Know the Risk Factors!
It is common that parents begin to notice language differences in their children between the ages of 18 and 30 months. If your kiddo is in this age range and is not currently talking as much or as well as you would expect them to be, keep in mind the following risk factors when considering the assistance of an SLP:
How well does my child understand what is spoken to him/her? Babies are sponges! Children typically understand a vast amount of words/phases spoken to them before they themselves begin producing spoken language. What your child understands from spoken language is called their receptive language. From around 12 months of age (again some kiddos will be faster or slower learners) your child may be able to point to objects when you name them and follow simple directions. If it appears that your child seems to understand well for his or her age, they are more likely to catch up with what they say, or what is known as their expressive language. If it appears as though your child is demonstrating difficulty understanding what others say, it is possible they may have a language delay.
How often is my child using their body language or gestures to communicate? Some of the cutest little gestures you will see from your child before they begin to expand their expressive language is waving “hi” or “bye,” and putting his arms up so you will pick him up, blowing kisses or pointing to desired items. The more gestures your child uses, the more likely it is that they will catch up to other children his age.
How often is my child learning and using new words? Some children are slower learners, however it is hopeful that your little guy or gal is attempting to use new words each month. As time goes on, they may start putting some words together or use words to ask questions. If your child does this, he or she is more likely to catch up and not have a delay.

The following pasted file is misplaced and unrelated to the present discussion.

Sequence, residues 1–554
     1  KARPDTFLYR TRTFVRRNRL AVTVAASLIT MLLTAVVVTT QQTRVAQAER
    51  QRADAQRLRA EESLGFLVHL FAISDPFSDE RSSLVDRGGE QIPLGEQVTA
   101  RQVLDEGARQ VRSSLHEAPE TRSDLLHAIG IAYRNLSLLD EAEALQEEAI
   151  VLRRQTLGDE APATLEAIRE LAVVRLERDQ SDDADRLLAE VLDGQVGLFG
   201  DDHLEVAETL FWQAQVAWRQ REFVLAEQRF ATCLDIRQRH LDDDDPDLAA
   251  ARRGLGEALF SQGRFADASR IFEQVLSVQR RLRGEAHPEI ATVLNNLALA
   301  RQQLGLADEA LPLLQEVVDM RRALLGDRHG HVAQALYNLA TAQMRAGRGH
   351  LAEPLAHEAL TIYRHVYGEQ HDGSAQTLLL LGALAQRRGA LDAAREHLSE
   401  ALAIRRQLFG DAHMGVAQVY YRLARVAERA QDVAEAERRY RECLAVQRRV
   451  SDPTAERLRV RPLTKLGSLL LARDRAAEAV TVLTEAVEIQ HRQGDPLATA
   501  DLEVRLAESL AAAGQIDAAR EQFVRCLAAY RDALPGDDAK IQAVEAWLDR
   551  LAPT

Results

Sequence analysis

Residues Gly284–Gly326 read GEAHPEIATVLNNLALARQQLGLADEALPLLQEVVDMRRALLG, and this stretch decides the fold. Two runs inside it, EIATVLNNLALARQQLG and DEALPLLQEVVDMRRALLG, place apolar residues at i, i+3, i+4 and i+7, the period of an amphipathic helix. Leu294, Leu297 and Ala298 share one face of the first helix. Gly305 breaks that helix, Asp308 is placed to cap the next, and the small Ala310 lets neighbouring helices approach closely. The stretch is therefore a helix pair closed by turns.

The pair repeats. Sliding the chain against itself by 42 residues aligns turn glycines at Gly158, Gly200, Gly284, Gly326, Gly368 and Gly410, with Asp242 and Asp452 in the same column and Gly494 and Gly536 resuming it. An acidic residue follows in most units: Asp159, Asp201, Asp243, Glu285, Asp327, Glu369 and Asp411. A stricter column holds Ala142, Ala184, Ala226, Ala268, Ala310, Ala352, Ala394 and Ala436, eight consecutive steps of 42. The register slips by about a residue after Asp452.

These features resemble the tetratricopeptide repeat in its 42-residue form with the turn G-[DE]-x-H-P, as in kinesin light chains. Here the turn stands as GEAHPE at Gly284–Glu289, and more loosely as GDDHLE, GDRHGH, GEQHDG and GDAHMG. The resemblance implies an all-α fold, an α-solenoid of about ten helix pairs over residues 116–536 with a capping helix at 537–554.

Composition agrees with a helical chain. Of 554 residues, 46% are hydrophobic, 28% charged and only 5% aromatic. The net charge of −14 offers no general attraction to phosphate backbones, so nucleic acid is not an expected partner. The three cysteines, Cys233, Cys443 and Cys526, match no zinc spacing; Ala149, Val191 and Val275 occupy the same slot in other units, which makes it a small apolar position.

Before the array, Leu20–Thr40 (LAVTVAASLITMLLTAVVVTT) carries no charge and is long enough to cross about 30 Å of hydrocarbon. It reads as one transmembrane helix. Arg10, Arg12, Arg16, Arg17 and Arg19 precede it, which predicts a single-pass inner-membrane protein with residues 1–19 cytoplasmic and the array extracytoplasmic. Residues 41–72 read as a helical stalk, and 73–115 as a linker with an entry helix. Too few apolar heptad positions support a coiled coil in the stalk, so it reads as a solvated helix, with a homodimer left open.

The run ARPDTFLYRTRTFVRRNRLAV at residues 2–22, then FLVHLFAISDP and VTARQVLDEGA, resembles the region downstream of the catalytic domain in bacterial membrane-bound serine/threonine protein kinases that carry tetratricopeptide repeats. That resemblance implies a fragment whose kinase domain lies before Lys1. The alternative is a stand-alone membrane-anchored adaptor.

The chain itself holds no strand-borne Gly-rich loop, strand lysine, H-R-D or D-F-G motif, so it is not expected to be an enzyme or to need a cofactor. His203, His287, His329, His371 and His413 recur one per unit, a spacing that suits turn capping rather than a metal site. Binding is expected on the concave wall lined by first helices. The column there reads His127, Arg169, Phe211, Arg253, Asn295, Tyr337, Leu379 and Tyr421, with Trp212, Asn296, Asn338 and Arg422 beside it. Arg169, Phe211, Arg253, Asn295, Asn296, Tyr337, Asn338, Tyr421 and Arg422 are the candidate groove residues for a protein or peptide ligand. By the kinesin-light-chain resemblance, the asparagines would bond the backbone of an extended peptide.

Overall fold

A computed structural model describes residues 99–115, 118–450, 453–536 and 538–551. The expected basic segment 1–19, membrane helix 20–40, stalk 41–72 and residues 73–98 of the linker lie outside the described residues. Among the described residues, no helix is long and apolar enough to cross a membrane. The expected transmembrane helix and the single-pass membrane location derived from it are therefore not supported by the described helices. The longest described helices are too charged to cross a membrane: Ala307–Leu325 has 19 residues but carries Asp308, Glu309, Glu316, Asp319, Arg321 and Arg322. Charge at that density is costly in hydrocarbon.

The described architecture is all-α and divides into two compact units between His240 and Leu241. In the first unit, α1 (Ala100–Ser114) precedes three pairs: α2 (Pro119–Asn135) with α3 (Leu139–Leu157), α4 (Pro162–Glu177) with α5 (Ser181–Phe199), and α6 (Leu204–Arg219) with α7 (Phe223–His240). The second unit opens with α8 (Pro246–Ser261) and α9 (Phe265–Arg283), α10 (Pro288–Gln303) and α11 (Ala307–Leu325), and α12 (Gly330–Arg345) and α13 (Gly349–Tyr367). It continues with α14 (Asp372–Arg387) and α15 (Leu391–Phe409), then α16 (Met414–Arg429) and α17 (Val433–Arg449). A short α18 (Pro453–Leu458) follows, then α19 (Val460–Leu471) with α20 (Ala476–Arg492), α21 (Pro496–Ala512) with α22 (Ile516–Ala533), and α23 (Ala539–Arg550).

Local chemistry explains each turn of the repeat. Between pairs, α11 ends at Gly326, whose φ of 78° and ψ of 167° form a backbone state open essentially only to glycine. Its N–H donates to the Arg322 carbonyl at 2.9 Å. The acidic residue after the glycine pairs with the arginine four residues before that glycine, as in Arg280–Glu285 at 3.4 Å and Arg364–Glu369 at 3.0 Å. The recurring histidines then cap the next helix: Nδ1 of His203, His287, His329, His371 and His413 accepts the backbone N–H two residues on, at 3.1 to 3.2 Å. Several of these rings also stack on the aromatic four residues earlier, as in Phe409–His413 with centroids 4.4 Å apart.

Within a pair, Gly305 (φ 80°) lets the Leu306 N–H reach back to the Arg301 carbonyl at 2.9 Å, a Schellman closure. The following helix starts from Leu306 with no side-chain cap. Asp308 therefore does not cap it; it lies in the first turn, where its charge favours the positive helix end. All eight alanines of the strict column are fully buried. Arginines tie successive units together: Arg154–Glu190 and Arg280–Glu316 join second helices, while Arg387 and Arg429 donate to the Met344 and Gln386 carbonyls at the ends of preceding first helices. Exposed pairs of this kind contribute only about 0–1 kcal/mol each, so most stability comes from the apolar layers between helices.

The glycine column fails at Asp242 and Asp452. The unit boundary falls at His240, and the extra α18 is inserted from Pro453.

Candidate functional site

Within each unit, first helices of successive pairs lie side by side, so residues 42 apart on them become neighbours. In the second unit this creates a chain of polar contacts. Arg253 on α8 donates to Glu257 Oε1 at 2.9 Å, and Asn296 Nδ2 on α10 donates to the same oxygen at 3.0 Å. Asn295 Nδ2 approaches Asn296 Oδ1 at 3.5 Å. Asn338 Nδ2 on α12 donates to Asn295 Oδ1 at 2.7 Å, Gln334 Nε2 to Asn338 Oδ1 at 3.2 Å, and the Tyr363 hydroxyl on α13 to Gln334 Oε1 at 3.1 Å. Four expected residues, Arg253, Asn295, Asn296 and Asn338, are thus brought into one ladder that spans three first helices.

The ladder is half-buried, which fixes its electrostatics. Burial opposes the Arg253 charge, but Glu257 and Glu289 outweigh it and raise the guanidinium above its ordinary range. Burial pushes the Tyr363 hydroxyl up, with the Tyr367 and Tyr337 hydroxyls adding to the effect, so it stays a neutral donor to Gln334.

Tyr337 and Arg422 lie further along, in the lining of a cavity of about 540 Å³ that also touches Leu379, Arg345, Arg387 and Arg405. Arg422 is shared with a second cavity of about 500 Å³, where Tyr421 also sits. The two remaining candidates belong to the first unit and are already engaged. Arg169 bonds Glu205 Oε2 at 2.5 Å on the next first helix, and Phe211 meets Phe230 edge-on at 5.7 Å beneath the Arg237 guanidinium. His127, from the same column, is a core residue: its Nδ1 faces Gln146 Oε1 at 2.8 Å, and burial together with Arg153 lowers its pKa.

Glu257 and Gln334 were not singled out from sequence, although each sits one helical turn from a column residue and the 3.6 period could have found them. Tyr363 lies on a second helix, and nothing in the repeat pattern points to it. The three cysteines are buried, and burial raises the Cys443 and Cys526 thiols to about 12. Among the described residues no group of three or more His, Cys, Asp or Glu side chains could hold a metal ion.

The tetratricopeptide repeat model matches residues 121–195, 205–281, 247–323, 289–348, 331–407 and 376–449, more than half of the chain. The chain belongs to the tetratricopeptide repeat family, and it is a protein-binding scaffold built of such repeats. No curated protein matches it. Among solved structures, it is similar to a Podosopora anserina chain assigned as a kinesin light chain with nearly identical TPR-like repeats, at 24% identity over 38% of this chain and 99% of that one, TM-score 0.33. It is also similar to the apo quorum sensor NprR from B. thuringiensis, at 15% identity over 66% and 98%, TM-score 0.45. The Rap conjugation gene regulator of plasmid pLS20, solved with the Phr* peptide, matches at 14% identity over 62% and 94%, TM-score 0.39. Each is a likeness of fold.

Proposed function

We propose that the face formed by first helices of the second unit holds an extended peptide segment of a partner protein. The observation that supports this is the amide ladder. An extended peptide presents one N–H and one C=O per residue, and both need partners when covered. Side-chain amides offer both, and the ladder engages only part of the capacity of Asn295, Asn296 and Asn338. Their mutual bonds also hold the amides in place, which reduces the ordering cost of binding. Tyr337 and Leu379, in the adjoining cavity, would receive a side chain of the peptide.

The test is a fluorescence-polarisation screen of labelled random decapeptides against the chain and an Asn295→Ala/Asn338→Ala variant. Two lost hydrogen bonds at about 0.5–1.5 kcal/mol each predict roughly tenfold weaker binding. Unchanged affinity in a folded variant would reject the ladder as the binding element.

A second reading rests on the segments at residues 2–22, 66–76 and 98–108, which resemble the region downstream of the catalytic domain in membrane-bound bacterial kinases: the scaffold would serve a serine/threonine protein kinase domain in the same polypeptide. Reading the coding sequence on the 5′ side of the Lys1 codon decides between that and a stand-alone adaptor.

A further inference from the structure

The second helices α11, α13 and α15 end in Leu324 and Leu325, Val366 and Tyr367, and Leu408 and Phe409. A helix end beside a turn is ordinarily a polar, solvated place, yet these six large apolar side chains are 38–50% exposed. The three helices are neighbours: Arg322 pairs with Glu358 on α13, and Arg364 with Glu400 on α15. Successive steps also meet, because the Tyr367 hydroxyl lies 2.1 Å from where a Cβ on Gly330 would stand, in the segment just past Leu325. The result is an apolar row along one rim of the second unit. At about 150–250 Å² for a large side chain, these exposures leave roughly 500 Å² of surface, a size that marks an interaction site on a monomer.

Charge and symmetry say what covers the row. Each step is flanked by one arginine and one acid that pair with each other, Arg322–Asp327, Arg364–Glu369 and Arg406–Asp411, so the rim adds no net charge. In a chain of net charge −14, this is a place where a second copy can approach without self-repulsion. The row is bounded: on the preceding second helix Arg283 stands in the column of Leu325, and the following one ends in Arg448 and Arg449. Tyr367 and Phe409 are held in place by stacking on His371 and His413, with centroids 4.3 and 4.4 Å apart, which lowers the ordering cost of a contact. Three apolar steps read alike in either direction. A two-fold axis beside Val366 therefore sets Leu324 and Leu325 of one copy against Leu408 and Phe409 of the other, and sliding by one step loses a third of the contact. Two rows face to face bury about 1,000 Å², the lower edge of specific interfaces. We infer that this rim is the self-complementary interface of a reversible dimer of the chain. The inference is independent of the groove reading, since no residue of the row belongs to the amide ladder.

When and How to Seek Help
I’ve said it before, and I’ll say it again. When in doubt, TRUST YOUR GUT! Your mother might tell you, “Eh, he’s fine! Don’t worry so much.” Your best friend might say, “Yeah, Billy was a late talker too and now I can’t get him to stop chattering!” your doctor might say, “Let’s give him a year and see what happens.” YOU ARE MOMMA! If you suspect an issue, you DO NOT have to wait to see if it corrects itself. If you are worried, please don’t waste time in wondering when and if your kiddo will catch up. If you are concerned, please seek the assistance of a Speech-Language Pathologist in addressing your concerns and your child’s language development. An SLP will inquire about your concerns and assess your child’s receptive and expressive language and come up with a plan to address any possible speech/language delays and/or disorders. During your meeting your Speech-Language Pathologist may do the following based on what they observe in your child’s speech and/or language:
Recommend that you come back for further assessment in a few months if concerns about your child’s speech/language are still present.
If your child is demonstrating any delays or disorders, an SLP may recommend working with an early intervention program to address their current speech/language needs.
Recognize typical variants in your child’s speech and/or language and alleviate any concerns you may have about your child’s speech/language development.